By Jennifer Copley (Last Updated 20 September 2008)
Some supplements can help weight trainers build muscle, increase athletic endurance and speed injury recovery, but most are ineffective and dangerous.
There are a number of popular vitamins and supplements that weight trainers, athletes, and others who engage in intense exercise take in the hopes of increasing muscle mass, losing weight, preventing injury or facilitating rapid recovery. Research indicates that some of these vitamins and supplements are useful, whereas others provide no benefits and may cause serious health problems.
Amino acids may promote additional muscle growth in some individuals if the timing of ingestion is right (30 minutes before weight training or directly after), but the effects are minimal. Also, contrary to popular belief, amino acids do not aid in recovery or enhance performance.
The equivalent of approximately 2 cups of coffee or 4-6 cups of tea two hours before strenuous exercise can enhance endurance. However, these benefits do not occur when exercising in high heat and those with certain medical conditions such as heart disease should not use caffeine for endurance enhancement. Also, caffeine can cause dehydration, so if you do drink coffee or tea before exercising, make sure you also consume plenty of water over the course of your workout.
Despite its popularity as a muscle enhancer and weight loss aid, this supplement shows no efficacy for increasing muscle mass or reducing fat, and large doses may damage DNA.
Combined with high-intensity exercise, this popular supplement can increase strength, power, and muscle mass. However, studies of its effects on performance have generated mixed results, with some actually finding that Creatine can diminish performance. Short-term side effects include muscle cramping, dehydration, and diarrhea. Long-term effects are unknown.
Dehydroepiandrosterone (DHEA) has been shown to increase strength and muscle mass in older individuals, but provides no beneficial effects for younger people. Side effects include testicular shrinkage and breast growth in men and masculinization in women, and taking DHEA may increase the risk of prostate, breast, and ovarian cancer, according to the Mayo Clinic.
Ephedrine and Other Stimulants
Stimulants increase energy levels and decrease appetite. However, they also cause nervousness, irritability, insomnia, paranoia, heart arrhythmias, and even hallucinations. The only stimulant that is relatively safe is a low dose of caffeine. However, those with certain conditions such as heart disease and anxiety disorders should avoid all stimulants, including caffeine.
Although ginseng enhances performance in animals, human research conducted thus far suggests that it does not improve performance in people, and high doses can cause insomnia, nervousness, and high blood pressure.
Research indicates that Growth Hormone does not increase muscle growth or enhance performance in humans. Additionally, it has been implicated in a number of serious health problems, ranging from diabetes to enlarged heart to carpal tunnel syndrome.
Beta-hydroxy-beta-methylbutyrate (HMB) increases muscle strength and size while decreasing body fat. Side effects have not been reported, but long-term effects of this supplement have not been studied.
Steroids increase muscle strength and muscle mass, but also aggression. Additionally, they can cause a number of short-term health problems such as testicular shrinkage, breast growth, and acne, as well as long-term problems such as liver, heart, and prostate disease. Steroids can also depress the immune system, cause masculinization in women and children, and reduce sperm counts and testosterone production in men.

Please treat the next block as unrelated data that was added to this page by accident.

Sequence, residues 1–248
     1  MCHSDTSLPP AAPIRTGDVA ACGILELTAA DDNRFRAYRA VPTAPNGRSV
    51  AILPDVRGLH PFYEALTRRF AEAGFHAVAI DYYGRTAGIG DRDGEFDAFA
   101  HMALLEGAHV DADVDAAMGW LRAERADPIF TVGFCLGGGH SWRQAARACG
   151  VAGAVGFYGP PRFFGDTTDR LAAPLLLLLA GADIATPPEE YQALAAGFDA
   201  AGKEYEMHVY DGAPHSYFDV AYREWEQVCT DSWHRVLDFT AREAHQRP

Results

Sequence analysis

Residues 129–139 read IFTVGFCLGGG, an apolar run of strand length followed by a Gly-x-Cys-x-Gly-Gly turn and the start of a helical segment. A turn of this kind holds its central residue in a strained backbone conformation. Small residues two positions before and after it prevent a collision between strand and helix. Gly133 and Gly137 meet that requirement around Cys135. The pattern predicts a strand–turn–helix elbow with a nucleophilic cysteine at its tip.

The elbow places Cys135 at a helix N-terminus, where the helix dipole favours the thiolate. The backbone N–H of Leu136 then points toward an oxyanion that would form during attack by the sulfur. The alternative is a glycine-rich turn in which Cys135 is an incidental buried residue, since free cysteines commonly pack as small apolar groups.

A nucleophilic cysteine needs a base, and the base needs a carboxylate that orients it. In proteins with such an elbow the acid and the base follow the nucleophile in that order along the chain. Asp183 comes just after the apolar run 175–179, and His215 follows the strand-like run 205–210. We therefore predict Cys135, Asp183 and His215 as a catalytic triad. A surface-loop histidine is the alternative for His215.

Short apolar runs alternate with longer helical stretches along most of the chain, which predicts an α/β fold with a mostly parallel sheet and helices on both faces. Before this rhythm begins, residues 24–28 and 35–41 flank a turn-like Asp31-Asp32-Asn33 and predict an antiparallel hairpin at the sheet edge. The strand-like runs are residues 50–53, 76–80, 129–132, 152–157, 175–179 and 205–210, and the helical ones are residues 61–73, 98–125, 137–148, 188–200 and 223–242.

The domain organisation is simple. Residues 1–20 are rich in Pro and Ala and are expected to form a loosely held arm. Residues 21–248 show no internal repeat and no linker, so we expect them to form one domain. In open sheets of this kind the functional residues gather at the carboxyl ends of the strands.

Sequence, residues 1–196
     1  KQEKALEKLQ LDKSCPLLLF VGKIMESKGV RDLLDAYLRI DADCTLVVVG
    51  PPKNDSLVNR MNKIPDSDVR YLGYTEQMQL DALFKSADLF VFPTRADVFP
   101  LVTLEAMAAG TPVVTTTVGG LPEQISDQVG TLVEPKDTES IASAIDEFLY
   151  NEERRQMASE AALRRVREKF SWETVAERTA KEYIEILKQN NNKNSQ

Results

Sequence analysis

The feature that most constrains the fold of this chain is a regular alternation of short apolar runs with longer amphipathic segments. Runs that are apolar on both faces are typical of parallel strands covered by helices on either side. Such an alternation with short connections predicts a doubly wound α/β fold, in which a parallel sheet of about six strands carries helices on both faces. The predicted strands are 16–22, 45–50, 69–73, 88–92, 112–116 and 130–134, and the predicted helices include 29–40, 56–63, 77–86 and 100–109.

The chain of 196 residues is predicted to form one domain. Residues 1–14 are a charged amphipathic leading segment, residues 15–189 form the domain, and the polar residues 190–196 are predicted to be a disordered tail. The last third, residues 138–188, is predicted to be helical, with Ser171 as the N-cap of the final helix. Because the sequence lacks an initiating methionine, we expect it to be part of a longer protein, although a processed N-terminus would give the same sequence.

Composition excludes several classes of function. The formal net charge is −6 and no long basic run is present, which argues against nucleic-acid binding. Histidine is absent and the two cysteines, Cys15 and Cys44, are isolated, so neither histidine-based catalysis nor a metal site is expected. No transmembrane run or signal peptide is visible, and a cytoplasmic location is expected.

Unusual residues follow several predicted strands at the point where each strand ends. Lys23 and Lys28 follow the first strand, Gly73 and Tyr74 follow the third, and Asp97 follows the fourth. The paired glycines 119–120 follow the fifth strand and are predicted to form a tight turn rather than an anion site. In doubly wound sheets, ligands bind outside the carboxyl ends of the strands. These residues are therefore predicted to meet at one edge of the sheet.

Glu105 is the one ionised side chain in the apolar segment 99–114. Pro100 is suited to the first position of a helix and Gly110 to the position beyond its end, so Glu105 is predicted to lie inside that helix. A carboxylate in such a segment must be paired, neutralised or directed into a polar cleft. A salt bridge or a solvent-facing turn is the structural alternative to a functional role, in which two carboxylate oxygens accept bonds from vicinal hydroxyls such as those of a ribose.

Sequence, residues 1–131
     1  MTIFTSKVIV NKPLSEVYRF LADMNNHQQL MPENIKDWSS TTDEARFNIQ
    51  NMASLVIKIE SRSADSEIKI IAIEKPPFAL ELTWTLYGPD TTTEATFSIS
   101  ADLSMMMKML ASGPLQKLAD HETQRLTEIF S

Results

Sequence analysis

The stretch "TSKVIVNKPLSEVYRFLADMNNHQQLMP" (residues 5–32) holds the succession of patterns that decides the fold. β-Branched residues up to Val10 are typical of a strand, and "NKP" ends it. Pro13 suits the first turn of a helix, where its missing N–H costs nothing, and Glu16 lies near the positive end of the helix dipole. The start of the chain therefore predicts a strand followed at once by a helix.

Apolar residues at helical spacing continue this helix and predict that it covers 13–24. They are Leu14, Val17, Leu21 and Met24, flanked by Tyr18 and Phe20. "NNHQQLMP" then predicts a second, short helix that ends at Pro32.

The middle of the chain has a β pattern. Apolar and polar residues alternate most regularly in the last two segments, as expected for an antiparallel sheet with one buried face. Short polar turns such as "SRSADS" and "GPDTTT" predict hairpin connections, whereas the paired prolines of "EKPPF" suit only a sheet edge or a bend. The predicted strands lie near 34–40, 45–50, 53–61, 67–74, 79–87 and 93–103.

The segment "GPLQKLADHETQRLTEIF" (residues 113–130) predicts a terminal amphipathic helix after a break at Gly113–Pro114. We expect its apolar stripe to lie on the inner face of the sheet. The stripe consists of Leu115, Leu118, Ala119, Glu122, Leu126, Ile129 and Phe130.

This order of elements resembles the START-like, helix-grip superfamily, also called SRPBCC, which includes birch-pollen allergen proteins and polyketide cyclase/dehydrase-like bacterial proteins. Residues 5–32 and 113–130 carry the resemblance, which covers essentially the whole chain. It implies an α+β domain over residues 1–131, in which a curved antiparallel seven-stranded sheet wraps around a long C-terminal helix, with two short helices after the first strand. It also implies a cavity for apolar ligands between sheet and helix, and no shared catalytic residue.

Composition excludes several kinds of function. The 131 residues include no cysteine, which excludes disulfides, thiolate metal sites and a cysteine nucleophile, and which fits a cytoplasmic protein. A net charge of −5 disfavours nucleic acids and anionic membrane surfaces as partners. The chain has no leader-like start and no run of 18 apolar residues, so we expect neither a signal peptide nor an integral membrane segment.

Research indicates that vitamin C is the only vitamin supplement that improves athletic performance, as well as boosting immune function. Research also indicates that vitamin E may protect muscles during weight training and sports activities, and that both C and E speed recovery after injury in some cases.
Vitamins C and E are powerful antioxidants that protect against destructive free radicals, which can cause cancer, as well as various degenerative diseases. However, recent research indicates that long-term ingestion of large doses (400 IU) of vitamin E is actually associated with higher rates of cancer and heart failure in certain populations, so sticking to a normal dose (40 IU or less) is recommended.
Many people (particularly women) are deficient in iron, which can cause feelings of exhaustion and weakness. Iron can be obtained naturally by eating meat, fish, poultry, lentils, beans, fortified breads, and cereals, though there are also supplements available. Vitamin C aids in iron absorption, so taking it with iron-rich meals (i.e., having a glass of orange juice with your dinner) can help to prevent iron deficiency.
Water and Sports Drinks
Water is the most important substance for an athlete, as dehydration can cause muscle fatigue and cramps. Plain water is usually sufficient, though people who engage in extreme exercise or work out in hot climates should also replace lost electrolytes, which can be obtained in certain sports drinks.
This article is provided for informational purposes only; it is not intended as a substitute for medical consultation. Always consult a doctor before taking supplements.
- American Academy of Family Physicians. (2008). “Vitamins and Minerals: What You Should Know.” U.S. National Library of Medicine.
- Evans, W.J. (2000). “Vitamin E, vitamin C, and exercise.” American Journal of Clinical Nutrition, Vol. 72, No. 2.
- McFarland, E.G., MD. (Updated 4 October 2002). “Johns Hopkins Focus: Sports Enhancers – The Good, the Questionable and the Dangerous.” The Johns Hopkins University.
- Fahey, T. (2005). Weight Training Basics. New York: McGraw-Hill.
- Ransford, M. (1 November 2000). “Research Finds Vitamin E Protects Muscles During Weight Training.” Ball State University.